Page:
Beautiful Maggie Bradford seems to have it all: a successful career as a singer/songwriter, fame, money, and two precious children. However, she killed her first husband in self-defense and now she's in jail awaiting trial for the murder of her second husband, Will Shepherd, a charming, psychotic professional soccer player. At first, Maggie's marriage seems fine, but soon Will begins to act irrationally. The increasing tension comes to a head when Maggie comes to believe that Will has been sexually abusing her daughter; the resulting confrontation ends in Will's death and Maggie's arrest. Climaxing in Maggie's celebrity trial, this page-turner delivers a solid punch, complete with a surprise ending. Patterson (Kiss the Girls, Little, Brown, 1995) offers a vivid, emotionally revealing tale. Recommended for public libraries. [Previewed in Prepub Alert, LJ 9/15/95.]‘Stacie Browne Chandler, Whitman P.L., Mass.
'James Patterson does everything but stick our finger in a light socket' New York Times Book Review. 'A twisty narrative that barrels along swiftly...a hair-raising ride.' People. 'The story moves like lightning.' Cosmopolitan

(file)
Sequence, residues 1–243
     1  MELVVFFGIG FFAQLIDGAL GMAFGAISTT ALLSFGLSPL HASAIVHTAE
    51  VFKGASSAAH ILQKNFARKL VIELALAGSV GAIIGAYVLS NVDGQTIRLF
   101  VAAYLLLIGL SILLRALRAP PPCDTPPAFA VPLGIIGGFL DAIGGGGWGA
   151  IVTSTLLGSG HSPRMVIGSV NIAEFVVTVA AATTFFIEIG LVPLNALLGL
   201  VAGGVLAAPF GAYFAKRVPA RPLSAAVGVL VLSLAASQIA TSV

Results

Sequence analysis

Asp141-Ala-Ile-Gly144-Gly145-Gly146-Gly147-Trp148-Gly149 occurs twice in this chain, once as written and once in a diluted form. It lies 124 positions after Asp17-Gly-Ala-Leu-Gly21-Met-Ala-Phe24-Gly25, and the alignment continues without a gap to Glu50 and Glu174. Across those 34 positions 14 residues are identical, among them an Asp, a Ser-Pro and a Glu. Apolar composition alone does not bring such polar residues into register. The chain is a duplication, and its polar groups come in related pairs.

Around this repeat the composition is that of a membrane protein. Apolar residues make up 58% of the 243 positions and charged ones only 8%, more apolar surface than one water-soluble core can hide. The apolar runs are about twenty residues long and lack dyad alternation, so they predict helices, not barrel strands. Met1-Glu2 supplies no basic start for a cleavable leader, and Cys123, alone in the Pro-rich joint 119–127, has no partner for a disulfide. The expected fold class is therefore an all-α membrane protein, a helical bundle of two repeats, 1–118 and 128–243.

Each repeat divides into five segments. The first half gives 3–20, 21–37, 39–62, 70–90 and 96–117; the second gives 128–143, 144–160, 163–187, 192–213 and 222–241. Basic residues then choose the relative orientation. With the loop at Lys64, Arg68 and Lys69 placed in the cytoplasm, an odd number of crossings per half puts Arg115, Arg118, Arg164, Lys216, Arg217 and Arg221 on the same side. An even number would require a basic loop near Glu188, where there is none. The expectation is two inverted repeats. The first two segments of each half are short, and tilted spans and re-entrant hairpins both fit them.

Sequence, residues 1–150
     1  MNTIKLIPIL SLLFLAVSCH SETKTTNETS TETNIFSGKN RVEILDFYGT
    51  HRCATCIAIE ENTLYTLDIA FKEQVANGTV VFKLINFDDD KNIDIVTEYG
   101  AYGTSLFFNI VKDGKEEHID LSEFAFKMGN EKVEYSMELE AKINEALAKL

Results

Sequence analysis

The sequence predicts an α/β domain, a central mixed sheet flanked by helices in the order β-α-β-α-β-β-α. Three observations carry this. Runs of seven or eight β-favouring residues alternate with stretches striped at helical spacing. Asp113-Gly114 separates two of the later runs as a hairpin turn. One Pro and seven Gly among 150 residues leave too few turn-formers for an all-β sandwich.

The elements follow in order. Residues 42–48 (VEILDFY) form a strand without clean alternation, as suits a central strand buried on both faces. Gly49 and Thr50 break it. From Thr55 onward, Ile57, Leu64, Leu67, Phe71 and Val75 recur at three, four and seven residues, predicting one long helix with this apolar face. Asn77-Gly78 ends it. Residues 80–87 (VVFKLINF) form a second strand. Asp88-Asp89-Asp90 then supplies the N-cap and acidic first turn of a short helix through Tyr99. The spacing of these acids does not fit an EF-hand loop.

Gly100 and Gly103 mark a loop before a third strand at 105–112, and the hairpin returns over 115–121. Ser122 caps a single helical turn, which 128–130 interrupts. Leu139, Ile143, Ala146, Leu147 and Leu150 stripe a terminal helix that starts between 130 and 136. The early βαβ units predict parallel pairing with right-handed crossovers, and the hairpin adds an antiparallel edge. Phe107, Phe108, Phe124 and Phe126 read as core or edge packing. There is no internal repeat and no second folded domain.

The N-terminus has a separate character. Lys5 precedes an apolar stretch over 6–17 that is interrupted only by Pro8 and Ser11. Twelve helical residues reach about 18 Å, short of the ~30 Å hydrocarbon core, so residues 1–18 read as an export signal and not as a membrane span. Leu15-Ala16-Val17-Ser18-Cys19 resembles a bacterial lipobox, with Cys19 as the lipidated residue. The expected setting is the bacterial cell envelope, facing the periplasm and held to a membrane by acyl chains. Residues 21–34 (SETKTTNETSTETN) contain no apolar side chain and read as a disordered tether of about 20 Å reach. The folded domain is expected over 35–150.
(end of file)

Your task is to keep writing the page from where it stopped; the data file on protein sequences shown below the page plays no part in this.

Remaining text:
If Thomas Harris's psycho-thrillers are the crème de la crème of the genre, then Patterson's (Kiss the Girls; Along Came a Spider) are the skimmed milk‘fluid, but low in substance. In his new novel, the author again lays down a narrative line so gripping‘an effect achieved partly through a plethora of one-sentence paragraphs, à la Sidney Sheldon‘that the reader may not notice, or care, that characterization and originality have fallen by the wayside. Patterson tells his story through two points of view: there's the the first-person voice of Maggie Bradford, who kills her abusive husband in the novel's flashback prologue and has now become a world-famous singer-songwriter (``I love your music, Maggie,'' Barbra Streisand tells her); and there's a third-person narration that is often filtered through the eyes of Will Shepherd, the celebrated soccer star who romances Maggie after her interim lover, an older tycoon, dies of a heart attack. The devastatingly handsome Will likes to hurt women (``there was a distinctly good part in him, but also a bad part''), however, and sometimes even to kill them. Will seems to want Maggie to save him from himself. Using his beauty and charm on her and her children, he wins her hand in marriage. That union sets up a major-league déjà vu, two murder trials that aren't quite riveting and a final Big Twist that will only surprise those fresh to the thriller genre. Still, Will's descent into cartoonishness, and various loose threads, will probably not bother readers swept along by this lightweight pop fiction. (Jan.)